How is being an effective band director like running a good business?
What if the best practices in band program administration collide with the best practices in managing and developing employees?
It is striking how the franchise prototype model outlined in “The E-Myth” coincides with an effective, student-leader-empowered, music program:
- Must provide consistent value to customers (students), employees (staff and student leaders), suppliers (parents), and lenders (school district curriculum and administration).
- Results must be attainable by people with the skill level they already have.
- Must stand out as a place of impeccable order and structure.
- All work must be defined in operations manuals. (Clear standards of “how we do things around here”)
- Events must unfold in a predictable, orderly, way.
- Must utilize a uniform color, dress, and facilities code.
Another huge part of the E-Myth system is a commitment to continuous improvement and development; never resting on past success. Jeremy Rifkin (among others) has said “everything decays.” A simple thought, but one that every band director, business owner, and leader ought to keep in mind. ["Everything Decays" could be a whole other post, couldn't it?] For more, read The E-Myth.
For the first ten years of existence, Group Dynamic workshops served mostly youth music organizations, and so…
This blog is read by both band (and choir) directors, as well as folks in business.
This post is an attempt to point out the similarities of the two worlds, and help them understand each other…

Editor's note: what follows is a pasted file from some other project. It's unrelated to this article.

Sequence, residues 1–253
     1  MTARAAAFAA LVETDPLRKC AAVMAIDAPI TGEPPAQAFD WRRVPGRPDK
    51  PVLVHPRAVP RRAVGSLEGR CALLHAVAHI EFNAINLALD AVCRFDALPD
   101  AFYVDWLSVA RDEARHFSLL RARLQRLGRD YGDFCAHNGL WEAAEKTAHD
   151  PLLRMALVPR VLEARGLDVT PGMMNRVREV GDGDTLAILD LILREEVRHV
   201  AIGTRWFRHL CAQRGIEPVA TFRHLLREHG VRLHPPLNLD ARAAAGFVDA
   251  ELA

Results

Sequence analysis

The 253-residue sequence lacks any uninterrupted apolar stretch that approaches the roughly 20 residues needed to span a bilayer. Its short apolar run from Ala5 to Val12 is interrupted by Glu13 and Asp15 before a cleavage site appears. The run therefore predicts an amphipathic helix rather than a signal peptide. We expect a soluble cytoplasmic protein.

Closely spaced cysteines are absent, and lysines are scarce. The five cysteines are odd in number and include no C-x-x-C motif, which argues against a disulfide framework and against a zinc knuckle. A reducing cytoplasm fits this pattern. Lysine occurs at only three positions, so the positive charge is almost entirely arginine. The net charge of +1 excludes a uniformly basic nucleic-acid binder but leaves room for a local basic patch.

There is no profit motive in public schools. Period. Teachers (and other school employees) are driven to do great work for many reasons, but certainly not so that the entity can deliver to the shareholders.
But what if teachers in general (and band/choir/orchestra directors specifically) studied best practices in business – both management from an organizational standpoint, and from a team-building/customer service/human relations standpoint?
And what if business leaders approached their businesses, and especially their people, as though they were volunteers (like band students) who could – and would – walk away from things if they didn’t think their time and energy were well-spent?
There’s more detail in an earlier post, but Blanchard’s basic three tenets of a great business (or class?) make so much sense:
- Be the employer of choice (do students want to produce for the teacher?)
- Be the provider of choice (is the activity worth all the time and effort?)
- Be the investment of choice (does the administration believe that the class deserves support and funding?)
What do you think?
(P.S. This post was written keeping the rules of two posts ago in mind. Whew.)